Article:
New York City Hotels Score Big With Taxpayer-Funded Migrant Shelter Deals: REPORT

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Jeff Charles Contributor
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New York City taxpayers are reportedly set to pay out over $1 billion to house illegal immigrants and asylum seekers who have crossed the southern border into the U.S.

Of 193 shelters being used to house migrants, about 153 are hotels, motels or inns, according to the New York Post. About 65,300 people are reportedly residing in these facilities.

The average cost for each room is $156 per night, or as high as $300, according to the outlet.

About $1.98 billion of the $4.88 billion New York City residents have collectively spent on migrants has gone toward housing, the outlet reported. Several hotels reportedly have hefty contracts with the city, including the Row NYC hotel, which is getting $5.13 million each month, and the Crowne Plaza JFK in Queens, which secured a $2-million-per-month deal for housing migrants in its 335 rooms. (RELATED: Hotel Quietly Converted Into Migrant Shelter In Up-And-Coming Neighborhood: REPORT)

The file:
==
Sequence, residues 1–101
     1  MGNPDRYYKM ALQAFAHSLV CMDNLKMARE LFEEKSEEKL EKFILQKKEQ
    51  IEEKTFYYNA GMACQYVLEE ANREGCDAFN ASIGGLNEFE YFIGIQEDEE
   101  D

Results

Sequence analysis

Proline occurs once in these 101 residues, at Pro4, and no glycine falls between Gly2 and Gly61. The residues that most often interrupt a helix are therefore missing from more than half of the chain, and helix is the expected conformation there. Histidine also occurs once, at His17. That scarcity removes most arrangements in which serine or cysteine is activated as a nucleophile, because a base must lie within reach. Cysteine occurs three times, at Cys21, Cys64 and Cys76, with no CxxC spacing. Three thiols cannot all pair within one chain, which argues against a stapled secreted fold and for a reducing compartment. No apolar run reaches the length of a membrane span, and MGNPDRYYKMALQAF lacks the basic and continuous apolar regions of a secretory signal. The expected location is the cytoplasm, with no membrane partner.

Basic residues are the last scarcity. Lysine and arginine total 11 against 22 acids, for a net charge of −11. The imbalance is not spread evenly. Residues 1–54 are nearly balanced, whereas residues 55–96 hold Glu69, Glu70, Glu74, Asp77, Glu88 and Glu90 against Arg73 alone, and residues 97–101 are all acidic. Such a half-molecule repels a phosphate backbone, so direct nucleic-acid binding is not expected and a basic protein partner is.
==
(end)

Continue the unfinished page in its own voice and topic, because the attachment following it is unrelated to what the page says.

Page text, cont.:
Some are not happy with how their tax money is being spent.

“Our taxes are being used to pay for the migrants, and where are we supposed to make revenue?” asked a local business owner, the New York Post reported.

Councilwoman Joann Ariola also criticized the use of taxpayer funds for migrant housing.

“These locations were meant to boost the economy of this city, but instead they’ve become a net drain and are costing us enormously,” she said.

New York Mayor Eric Adams’s administration signed an emergency $76.69 million contract in January 2024 with the Hotel Association of New York City to provide “last resort” shelter to migrant families, according to the New York Post.

The contract directed 15 Brooklyn, Queens and the Bronx hotels to provide asylum-seeking migrants access to blocks of rooms for up to 28 days under a “vouchering program” until July, the outlet reported.

Adams later issued a March 15, 2024 decree restricting migrants’ access to shelters. Under the order, migrants would have to leave shelters after 30 days and would not be able to reapply, though exceptions could be made for individuals with medical conditions or an “extenuating circumstance,” according to the release.